My last blog provided a general overview of cyber-physical devices.  In this blog I will provide some examples of the enormous impact cyber-physical systems have on our current and future ecosystem.  In the paragraphs below, I will discuss two of the many sectors that are being altered and improved by cyber-physical devices. Cyber-physical devices are comprised of hardware and software.

Internet of Medical Things (IoMT) are cyber-physical systems whose impact on the healthcare industry will experience extensive near-term growth. Fortune Business Insights estimates that global cyber-physical healthcare market to grow from $89.07 billion in 2021 to $446.52 billion in 2028 at a CAGR of 25.9%. 

 Today, most hospitals have more cyber-physical devices than IT computers.  Examples, include MRI machines, infusion pumps, glucose sensors, surgical robots, respirators, and smart beds.  COVID accelerated the use of cyber-physical devices to monitor infected patients for heart rate, blood oxygen level, temperature, and respiratory rate.  These devices helped healthcare workers remotely monitor patients thus reducing their exposure to COVID.

Cyber-physical systems have become fundamental to the transportation industry.  Cyber physical chips control most of the critical functions of today’s railroads, automobiles, and airplanes. As the technology matures it will enable autonomous ships and ports, self-driving cars, automated passenger and freight trains, autonomous cargo and shuttle buses, and unmanned aircraft systems.

Today more than 90% of automotive innovation comes from the cyber-physical device software. New cars today have more than 100 cyber-physical control units. These devices provide many difference services such as limited self-driving, and maximizing engine efficiency to reduce pollution and improve fuel efficiency.  These systems also provide new safety capabilities including forward collision warning, lane departure warning, pedestrian detection, low tire pressure detection, blind spot warning and adaptive headlights.  This is reflected in the cost of the automobile — approximately 40% of a car’s cost is in the cyber physical devices and software. Car and Driver magazine estimates that by 2030 45% of an automobile product cost will be the cyber-physical device and its software.  Software is the predominate cost component.  It is estimated that new cars have between 100 to 150 million lines of code. The importance and criticality of these computer systems is demonstrated by shutdowns at car manufacturing plants and surges in the price of new cars caused by shortages of chips for the many computer-controlled functions of the automobiles.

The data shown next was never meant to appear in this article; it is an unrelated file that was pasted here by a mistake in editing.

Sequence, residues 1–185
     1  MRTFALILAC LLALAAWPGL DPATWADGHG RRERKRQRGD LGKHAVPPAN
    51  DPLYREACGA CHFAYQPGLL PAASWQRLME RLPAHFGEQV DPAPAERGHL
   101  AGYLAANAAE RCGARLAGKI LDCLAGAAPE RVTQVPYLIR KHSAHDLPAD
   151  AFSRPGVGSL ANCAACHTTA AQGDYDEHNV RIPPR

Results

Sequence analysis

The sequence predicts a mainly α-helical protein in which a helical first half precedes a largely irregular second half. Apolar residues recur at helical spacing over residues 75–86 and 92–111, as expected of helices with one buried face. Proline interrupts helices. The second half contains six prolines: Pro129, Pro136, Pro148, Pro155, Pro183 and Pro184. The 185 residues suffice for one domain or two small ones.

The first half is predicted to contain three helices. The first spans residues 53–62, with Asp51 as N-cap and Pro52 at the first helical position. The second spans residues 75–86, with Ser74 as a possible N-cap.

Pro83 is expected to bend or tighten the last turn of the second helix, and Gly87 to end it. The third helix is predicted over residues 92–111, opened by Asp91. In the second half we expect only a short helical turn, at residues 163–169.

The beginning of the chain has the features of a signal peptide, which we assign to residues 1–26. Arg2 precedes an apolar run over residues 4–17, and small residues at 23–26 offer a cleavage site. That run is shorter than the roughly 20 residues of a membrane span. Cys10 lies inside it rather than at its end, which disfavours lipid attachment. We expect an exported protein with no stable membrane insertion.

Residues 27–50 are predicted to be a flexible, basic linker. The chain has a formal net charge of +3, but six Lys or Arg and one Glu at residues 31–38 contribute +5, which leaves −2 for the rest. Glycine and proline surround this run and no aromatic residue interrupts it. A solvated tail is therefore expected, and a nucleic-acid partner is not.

Railroads use an integrated network of cyber-physical devices to track and monitor equipment performance and environmental conditions in trains and connected equipment to improve operating efficiency, traffic monitoring, reduce delays, and ensure the safety of trains, passengers, and cargo. For example, there are dozens of sensors and electronics on a freight locomotive that monitor throttle position, actual speed versus track speed, and positive train control.  Positive train control systems, designed to mitigate human error, are utilized to prevent train-to-train collisions, overspeed derailments, exceeding established work zone limits –which could injure work crews, and movements of trains through switches in the wrong position.

In our next blog we will discuss how cyber-physical devices are impacting other sectors of economy and lifestyle.  I will also address some of the future challenges and opportunities our society faces from enormous growth in number and criticality of cyber-physical devices.